Published online by Cambridge University Press: 14 February 2018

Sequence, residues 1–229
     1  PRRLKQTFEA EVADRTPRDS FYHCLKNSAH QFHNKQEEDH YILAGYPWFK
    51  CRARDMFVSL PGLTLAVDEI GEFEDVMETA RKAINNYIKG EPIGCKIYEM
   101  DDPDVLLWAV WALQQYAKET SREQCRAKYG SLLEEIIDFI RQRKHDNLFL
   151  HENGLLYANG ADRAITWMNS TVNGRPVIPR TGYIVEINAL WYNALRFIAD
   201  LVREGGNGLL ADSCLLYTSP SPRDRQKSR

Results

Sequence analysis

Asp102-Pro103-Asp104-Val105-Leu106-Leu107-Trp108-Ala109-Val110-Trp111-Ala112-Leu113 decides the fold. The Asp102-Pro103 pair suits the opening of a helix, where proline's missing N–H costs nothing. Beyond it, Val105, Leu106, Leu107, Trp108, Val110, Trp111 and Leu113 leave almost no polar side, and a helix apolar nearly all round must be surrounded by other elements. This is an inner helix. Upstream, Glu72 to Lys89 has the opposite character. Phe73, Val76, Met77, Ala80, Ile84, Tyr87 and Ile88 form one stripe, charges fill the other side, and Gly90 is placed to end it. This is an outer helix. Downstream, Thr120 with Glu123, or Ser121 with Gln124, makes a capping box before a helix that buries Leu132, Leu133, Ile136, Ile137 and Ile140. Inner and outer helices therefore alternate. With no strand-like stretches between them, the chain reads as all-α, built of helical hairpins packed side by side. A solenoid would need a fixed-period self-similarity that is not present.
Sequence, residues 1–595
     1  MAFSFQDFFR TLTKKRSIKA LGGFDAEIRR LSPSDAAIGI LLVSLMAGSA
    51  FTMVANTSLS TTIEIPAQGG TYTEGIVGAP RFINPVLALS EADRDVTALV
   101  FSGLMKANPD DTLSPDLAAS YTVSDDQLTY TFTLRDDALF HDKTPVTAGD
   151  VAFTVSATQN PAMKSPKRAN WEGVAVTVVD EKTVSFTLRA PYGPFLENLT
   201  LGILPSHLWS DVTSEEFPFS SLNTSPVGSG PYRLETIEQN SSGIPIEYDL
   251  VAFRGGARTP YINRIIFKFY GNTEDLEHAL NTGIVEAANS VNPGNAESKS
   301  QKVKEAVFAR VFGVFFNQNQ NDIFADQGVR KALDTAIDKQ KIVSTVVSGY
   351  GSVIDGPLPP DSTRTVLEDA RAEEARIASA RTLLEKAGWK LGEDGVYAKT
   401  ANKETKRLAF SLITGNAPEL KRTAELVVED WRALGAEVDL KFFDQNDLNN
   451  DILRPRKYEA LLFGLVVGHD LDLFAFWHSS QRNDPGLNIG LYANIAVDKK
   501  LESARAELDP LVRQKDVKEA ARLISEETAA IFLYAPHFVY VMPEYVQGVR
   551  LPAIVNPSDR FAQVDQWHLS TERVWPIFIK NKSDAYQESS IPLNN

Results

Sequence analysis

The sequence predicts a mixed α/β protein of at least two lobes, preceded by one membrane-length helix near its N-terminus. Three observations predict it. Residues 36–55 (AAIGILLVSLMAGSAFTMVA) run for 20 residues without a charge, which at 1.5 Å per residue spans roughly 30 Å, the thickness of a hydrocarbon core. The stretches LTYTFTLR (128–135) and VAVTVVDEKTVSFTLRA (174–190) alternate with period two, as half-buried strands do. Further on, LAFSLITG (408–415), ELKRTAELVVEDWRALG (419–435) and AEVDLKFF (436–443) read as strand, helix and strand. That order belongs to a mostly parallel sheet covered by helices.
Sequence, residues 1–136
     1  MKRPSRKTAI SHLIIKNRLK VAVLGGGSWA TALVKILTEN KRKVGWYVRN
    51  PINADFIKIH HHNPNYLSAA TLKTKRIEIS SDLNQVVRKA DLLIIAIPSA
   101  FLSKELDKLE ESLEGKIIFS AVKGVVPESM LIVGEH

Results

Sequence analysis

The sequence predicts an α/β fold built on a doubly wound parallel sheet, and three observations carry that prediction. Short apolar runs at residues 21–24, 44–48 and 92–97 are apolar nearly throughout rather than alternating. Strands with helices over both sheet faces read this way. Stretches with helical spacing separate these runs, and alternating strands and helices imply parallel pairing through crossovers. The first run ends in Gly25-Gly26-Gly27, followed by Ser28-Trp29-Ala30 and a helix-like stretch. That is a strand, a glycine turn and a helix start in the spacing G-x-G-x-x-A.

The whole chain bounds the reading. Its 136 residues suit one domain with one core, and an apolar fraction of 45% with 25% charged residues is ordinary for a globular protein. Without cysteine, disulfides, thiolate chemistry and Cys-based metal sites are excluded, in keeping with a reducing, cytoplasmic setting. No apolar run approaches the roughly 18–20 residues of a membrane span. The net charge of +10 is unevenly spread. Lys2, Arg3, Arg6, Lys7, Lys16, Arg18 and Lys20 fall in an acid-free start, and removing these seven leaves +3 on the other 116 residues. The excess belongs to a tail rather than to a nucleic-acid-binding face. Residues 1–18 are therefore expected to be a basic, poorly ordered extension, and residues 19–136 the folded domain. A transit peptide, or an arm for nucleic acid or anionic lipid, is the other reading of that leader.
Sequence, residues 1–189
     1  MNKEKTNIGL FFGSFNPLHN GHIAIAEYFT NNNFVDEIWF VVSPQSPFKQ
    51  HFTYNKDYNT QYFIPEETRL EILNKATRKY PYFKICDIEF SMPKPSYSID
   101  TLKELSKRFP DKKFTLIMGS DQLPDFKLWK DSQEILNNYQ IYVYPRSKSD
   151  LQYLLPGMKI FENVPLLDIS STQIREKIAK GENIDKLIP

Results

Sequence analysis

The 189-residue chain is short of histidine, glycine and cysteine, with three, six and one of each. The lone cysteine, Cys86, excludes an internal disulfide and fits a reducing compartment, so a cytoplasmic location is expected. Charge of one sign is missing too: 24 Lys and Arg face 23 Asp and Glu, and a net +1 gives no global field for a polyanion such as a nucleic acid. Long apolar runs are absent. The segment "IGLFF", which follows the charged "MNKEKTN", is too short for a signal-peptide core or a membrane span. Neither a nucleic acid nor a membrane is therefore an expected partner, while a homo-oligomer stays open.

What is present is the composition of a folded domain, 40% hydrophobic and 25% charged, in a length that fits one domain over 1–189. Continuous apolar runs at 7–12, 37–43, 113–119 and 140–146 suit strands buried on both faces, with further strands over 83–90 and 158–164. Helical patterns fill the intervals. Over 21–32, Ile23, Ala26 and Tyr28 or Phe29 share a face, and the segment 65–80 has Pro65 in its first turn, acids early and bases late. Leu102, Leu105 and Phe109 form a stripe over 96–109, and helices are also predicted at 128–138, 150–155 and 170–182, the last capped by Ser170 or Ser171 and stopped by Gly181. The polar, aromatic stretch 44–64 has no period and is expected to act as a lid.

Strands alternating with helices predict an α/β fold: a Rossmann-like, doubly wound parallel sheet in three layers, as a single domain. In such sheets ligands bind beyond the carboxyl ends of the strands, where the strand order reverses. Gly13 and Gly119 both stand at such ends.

Since the 1970s, numerous global plate tectonic models have been proposed to reconstruct the Earth's evolution through deep time. The reconstructions have proven immensely useful for the scientific community. However, we are now at a time when plate tectonic models must take a new step forward. There are two types of reconstructions: those using a ‘single control’ approach and those with a ‘dual control’ approach. Models using the ‘single control’ approach compile quantitative and/or semi-quantitative data from the present-day world and transfer them to the chosen time slices back in time. The reconstructions focus therefore on the position of tectonic elements but may ignore (partially or entirely) tectonic plates and in particular closed tectonic plate boundaries. For the readers, continents seem to float on the Earth's surface. Hence, the resulting maps look closer to what Alfred Wegener did in the early twentieth century and confuse many people, particularly the general public. With the ‘dual control’ approach, not only are data from the present-day world transferred back to the chosen time slices, but closed plate tectonic boundaries are defined iteratively from one reconstruction to the next. Thus, reconstructions benefit from the wealth of the plate tectonic theory. They are physically coherent and are suited to the new frontier of global reconstruction: the coupling of plate tectonic models with other global models. A joint effort of the whole community of geosciences will surely be necessary to develop the next generation of plate tectonic models.